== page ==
Bahrain shops to get GM foods
Manama, December 23, 2008
Genetically modified food could soon be on the shelves in Bahrain's shops. The country is gearing up to test GM foods, so it is ready when they hit the market, a senior official declared yesterday.
It is 'only a matter of time' before such foods make an appearance in Bahrain and authorities do not want to be caught off guard, said Health Ministry public health director Dr Khairya Moosa.
'These are already widely available in several parts of the world, but when they are actually available here, we need to be prepared to handle their testing,' she told the first Arab conference on food safety, at the Gulf Hotel's Gulf International Convention Centre.
The three-day conference has been organised by the Bahrain Centre of Studies and Research, in co-operation with the Arab Centre for Nutrition, under the patronage of Health Minister Dr Faisal Al Hamer.
It aims to identify the reality of food contamination and food safety in the Arab world and to discuss modernising food control systems legislation.
'Food safety is our prime concern and we will take all steps that are necessary to ensure that proper and safe food reaches the consumer,' said Dr Moosa, speaking on behalf of Dr Al Hamer.
'Since GM foods are food items that have had their DNA changed through genetic engineering, we have to have the technology and expertise to test them.
'Unlike conventional genetic modification that is carried out through conventional breeding, GM foods were first put on the market in the early 1990s and, since then, the most common modified foods are soybean, corn, canola, and cotton seed oil, which are widely consumed in Bahrain.'
She said, for example, a typical GM food could be a strawberry that has to survive in cold climates.
'Therefore, the producer would get its DNA altered so it could survive in the frost,' said Dr Moosa.
'They would take DNA from a frost-resistant cell and transfer it into the strawberry cell genes. Therefore, the cells of the strawberry are now frost resistant and will survive the frost, so the farmer does not lose money.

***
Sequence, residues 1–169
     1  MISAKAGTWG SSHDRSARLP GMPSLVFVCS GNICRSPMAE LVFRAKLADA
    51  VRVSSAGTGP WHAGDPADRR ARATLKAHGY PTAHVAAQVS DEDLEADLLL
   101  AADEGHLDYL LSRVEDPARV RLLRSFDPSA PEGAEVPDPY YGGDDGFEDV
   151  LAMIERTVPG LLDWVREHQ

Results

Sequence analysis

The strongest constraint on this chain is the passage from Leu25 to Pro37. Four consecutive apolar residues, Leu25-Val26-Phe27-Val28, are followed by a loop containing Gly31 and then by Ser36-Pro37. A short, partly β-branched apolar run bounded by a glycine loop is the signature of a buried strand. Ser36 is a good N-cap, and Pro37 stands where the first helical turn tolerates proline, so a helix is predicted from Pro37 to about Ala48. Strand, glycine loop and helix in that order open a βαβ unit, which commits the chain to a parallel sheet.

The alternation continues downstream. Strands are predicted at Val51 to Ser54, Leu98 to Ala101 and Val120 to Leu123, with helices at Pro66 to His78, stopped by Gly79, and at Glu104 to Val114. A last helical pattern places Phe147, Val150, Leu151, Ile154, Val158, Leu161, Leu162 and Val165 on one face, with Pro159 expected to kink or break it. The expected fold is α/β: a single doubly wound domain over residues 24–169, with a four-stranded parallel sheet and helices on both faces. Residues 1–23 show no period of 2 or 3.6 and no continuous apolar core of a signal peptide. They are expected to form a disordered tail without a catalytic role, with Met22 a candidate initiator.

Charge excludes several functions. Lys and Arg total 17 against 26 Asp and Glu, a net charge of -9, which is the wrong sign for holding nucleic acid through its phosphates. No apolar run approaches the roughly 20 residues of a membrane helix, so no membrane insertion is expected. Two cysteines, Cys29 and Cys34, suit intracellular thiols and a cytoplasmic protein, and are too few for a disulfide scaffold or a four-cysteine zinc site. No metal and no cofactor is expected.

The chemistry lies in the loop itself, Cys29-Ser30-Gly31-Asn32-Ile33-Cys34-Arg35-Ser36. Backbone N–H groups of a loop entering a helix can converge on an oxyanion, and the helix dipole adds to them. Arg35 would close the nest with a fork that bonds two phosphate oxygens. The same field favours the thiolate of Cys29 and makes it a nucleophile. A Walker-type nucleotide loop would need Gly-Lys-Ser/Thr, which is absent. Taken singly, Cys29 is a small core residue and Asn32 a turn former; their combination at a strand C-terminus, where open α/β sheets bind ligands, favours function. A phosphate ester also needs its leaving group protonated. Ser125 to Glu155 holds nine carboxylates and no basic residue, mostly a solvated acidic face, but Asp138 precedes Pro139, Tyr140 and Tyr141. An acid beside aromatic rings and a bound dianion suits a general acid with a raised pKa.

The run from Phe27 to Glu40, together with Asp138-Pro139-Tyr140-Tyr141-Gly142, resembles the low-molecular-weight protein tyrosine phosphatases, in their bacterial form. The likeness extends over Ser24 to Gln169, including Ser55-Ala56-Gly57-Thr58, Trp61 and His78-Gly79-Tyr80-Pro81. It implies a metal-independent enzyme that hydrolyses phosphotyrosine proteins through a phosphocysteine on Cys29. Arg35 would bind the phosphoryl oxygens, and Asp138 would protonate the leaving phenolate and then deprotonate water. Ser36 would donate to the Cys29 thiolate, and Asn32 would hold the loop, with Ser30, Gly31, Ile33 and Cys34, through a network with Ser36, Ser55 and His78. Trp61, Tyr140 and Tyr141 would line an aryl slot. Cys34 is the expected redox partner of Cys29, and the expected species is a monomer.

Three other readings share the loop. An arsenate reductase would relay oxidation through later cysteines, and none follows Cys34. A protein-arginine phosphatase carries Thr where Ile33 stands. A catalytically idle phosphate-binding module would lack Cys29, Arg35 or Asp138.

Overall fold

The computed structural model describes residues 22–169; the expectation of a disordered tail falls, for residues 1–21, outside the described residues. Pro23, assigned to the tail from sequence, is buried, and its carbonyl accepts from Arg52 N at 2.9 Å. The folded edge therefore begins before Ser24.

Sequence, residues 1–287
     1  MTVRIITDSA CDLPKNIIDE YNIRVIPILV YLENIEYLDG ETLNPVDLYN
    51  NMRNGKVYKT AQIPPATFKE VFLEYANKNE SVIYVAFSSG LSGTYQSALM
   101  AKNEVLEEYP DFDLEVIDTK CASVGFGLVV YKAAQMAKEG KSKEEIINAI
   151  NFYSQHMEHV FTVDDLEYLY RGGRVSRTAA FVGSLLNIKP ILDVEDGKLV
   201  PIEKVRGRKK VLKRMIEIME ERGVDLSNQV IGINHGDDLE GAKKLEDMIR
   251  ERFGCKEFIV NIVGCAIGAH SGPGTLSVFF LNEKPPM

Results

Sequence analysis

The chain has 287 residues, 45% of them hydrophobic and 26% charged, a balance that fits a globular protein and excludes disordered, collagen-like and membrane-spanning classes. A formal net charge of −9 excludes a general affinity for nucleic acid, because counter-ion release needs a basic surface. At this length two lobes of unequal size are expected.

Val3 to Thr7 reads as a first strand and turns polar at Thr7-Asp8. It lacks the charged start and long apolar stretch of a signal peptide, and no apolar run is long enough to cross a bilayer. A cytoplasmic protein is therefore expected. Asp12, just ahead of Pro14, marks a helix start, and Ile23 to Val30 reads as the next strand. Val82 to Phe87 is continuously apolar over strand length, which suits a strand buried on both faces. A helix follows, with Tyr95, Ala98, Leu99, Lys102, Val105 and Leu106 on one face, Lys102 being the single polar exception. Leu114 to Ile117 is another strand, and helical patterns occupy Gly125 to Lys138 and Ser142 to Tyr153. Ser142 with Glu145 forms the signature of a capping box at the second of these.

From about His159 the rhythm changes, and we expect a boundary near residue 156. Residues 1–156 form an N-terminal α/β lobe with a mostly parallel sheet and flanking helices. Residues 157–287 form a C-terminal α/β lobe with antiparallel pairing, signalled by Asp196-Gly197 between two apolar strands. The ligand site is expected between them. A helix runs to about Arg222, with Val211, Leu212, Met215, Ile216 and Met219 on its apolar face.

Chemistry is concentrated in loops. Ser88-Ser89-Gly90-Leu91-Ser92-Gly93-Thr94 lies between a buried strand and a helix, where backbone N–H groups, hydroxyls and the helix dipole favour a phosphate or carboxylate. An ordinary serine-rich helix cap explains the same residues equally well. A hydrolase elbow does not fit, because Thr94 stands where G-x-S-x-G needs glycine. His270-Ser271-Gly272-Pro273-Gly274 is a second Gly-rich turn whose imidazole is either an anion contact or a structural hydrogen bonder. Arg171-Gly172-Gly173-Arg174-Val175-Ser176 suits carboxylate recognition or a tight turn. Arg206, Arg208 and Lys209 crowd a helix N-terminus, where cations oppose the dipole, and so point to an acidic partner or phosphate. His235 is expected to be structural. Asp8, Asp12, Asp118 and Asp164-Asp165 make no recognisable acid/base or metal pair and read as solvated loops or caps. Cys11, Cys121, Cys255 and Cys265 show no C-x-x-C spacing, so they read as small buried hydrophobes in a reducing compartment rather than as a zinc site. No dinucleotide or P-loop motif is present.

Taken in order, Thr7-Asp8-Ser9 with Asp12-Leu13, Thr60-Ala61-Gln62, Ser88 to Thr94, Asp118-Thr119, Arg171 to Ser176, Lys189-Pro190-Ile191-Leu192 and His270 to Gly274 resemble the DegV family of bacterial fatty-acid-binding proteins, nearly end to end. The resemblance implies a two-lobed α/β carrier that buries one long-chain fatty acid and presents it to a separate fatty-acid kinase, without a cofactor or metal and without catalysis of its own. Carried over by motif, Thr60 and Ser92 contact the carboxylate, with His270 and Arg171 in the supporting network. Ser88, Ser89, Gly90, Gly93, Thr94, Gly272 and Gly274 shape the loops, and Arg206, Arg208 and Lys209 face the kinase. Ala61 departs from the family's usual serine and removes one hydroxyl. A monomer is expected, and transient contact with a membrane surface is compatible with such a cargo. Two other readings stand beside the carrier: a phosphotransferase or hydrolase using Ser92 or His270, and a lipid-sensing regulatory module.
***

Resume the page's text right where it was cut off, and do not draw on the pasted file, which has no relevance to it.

'All this makes commercial sense in this highly-modern and advanced world.'
Though many major controversies surround GM crops and foods, these commonly focus on the long-term health effects for anyone eating them, environmental safety, labelling and consumer choice, intellectual property rights, ethics, food security, poverty reduction, environmental conservation, and potential disruption or even possible destruction of the food chain, said Dr Moosa.
'We propose to shortly start training our people on such testing and future programmes include state-of-the-art testing laboratories and equipment,' she said
She said Bahrain is already at the helm of a GCC-wide effort to stringently test all food items that arrive into the country and the region.
'The ministry has a responsibility, but the consumers and the manufacturers also have one.
'We are all in it together and together we can help make the country safe as far as food is concerned,' said Dr Moosa.
The problem of food poisoning is universal and Bahrain is not an exception.
'We are doing our best to eliminate it but we cannot do it completely,' she said.
In the five years ending 2007, 1,116 food poisoning cases were reported in Bahrain while this year, so far, 294 cases have been recorded.
'We can attribute this to the increasing population or to people's bad food habits, but there has been a large percentage increase this year,' said Dr Moosa.
She said more efforts would be made to control the problem.
The conference brings together 12 Arab countries and more than 400 scholars and specialists in the field of food and nutrition in the Arab world.-TradeArabia News Service
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